© Khunaspix Dreamstime.

“In the first half of 2012, muted consumption in all parts of the world and increased market volatility influenced the global logistics business,” said Reinhard Lange, CEO of Kuehne + Nagel when announcing the group’s results earlier this month. “Softened demand affected in particular the trades from Asia to Europe and North America and slowed down volume development in seafreight and airfreight.”

The Loadstar doesn’t need to remind its readers that the market is bad. And when the biggest forwarders find the going tough, it is no surprise that the smaller ones struggle too.

But the challenges for independent forwarders don’t end with the economy – in some cases, they have each other to fear too.

Payments between forwarder partners have always been a tricky subject. Failure to deliver, wrongly priced shipments, insolvencies, and even plain misunderstandings can lead to difficult negotiations and loss of cash for many businesses. The website FreightDeadbeats currently lists more than 135 forwarders who have failed to pay members – sometimes substantial sums. One non-payer, based in China, owes one creditor $152,000, while a German forwarder has a list of 10 claims against it, totaling some $223,000. Other claims are as low as $50.

“Essentially, you have to make your choice of partner based on instinct,” said one independent forwarder. “Getting on with them is the most important thing. But there will always be times when you lose out. You just want to minimise those times.”

It is these disputes, often between forwarders who have little knowledge of each other apart from a passing acquaintance on LinkedIn, that lead independent forwarders to join networks. The networks may offer insurance and financial protection, dispute resolution and promise a high standard of partner. They can look like a safety net.

However, there has recently been a rise in the number of networks launching, and simple maths suggests that they may not be able to provide the financial protection they promise.

In April this year, a new one, Multimodal Freight Network, launched in Egypt. It offers membership to one company for each port in each country – and told The Loadstar it expected some 100 members in total. It offers “the cheapest annual membership fees in the world”, at $500 per year,  a full refund if members are unhappy with the service, and “guaranteed payment protection up to $20,000 in freight transactions” when doing business with another member.  That’s a generous claim when it will only net some $50,000 in membership fees.

The network claims that its exclusivity is protection in itself. Upon approving the application from an online form, the network will ask for “some official documents…finally we will send you by email our contract…while in parallel you will pay the membership fees”.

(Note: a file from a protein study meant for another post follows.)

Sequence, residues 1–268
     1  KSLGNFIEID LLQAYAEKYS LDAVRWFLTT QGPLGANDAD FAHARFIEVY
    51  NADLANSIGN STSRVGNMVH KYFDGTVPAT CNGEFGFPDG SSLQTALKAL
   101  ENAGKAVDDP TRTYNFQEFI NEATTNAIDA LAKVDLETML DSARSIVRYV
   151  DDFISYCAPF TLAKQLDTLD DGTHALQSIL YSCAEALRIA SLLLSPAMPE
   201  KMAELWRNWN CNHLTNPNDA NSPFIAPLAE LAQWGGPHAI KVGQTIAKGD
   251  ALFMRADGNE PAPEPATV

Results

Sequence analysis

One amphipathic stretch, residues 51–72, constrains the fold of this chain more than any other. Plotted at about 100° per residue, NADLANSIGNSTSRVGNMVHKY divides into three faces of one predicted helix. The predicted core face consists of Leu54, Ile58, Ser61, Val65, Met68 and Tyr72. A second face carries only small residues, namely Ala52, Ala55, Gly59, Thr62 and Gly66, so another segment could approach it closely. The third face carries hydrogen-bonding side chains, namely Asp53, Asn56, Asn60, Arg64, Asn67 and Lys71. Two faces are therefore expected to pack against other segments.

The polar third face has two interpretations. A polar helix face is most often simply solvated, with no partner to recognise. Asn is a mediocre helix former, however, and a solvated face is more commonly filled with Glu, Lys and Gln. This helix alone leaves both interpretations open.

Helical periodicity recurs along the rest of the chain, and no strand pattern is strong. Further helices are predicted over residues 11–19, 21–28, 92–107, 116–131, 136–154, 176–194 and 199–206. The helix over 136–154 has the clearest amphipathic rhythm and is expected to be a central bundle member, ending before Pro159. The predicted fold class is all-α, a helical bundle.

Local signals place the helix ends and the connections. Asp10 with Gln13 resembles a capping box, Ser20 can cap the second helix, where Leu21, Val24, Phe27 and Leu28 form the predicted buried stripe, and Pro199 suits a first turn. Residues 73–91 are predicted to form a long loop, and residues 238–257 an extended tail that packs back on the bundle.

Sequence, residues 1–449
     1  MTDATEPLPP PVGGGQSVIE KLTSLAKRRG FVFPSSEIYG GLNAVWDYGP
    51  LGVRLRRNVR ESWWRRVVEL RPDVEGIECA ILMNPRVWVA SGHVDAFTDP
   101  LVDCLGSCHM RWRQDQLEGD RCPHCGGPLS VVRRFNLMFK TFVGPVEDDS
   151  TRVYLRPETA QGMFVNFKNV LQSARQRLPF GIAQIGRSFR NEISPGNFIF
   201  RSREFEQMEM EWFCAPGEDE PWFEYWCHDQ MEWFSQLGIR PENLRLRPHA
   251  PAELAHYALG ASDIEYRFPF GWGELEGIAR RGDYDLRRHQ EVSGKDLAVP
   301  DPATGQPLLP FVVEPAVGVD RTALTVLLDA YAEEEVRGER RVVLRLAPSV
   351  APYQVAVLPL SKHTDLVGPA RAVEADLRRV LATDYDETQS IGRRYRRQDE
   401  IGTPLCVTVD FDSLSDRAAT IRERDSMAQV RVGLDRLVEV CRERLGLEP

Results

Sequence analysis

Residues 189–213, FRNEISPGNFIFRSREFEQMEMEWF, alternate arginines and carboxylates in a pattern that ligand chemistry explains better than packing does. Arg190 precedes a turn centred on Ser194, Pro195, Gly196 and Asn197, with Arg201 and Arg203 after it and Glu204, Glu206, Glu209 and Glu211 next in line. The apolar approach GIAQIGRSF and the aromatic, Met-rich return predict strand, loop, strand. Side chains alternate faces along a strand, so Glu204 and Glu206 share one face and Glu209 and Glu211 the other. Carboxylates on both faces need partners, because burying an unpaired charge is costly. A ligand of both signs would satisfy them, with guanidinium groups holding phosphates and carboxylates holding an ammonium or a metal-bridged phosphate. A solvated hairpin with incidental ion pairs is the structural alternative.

A spokesman told The Loadstar: “It may be more steps than other networks, however these steps will actually secure the concept of having very well-selected members.”

When asked whether the network had sufficient cash to pay out if there were several claims, the spokesman replied: “I guaranteed myself it wouldn’t happen, as all our network members are so prominent and elite, at the most high level you can imagine, based on our policy and criteria.”

Occasionally, however,  even the most prominent companies can become insolvent, leaving unpaid debts, while disputes are not uncommon, even among the “elite”. Multinationals can struggle to resolve differences between their own regional offices.  In one case The Loadstar heard, a simple comment led one forwarder to renege on a deal with another. Strict membership criteria is no guarantee.

One network, MTG, is currently featuring on FreightDeadbeats for non-payment of some $24,000 to members who claim never to have received the promised payment protection plan, although the president of MTG told the site that it had paid the claims.

David Yokeum, president of the WCA Family, said: “I hate to see what is taking place. I would say 85 to 90% of the networks don’t have the funds to pay. New networks are forming like Nigerian scam letters, making promises of wealth with membership, but they cannot deliver.” The WCA Family has paid out more than $1m in claims in the past five years.

There is a new insurance programme for forwarders and networks, Global Logistics Shield, which mainly offers protection against partner insolvency at a low cost, a useful tool for independent forwarders. But, points out Mr Yokeum, the vast majority of claims are not as a result of bankruptcy but “simply the forwarder doesn’t pay”.

These are challenging times for the big players – but far more risky for the smaller ones.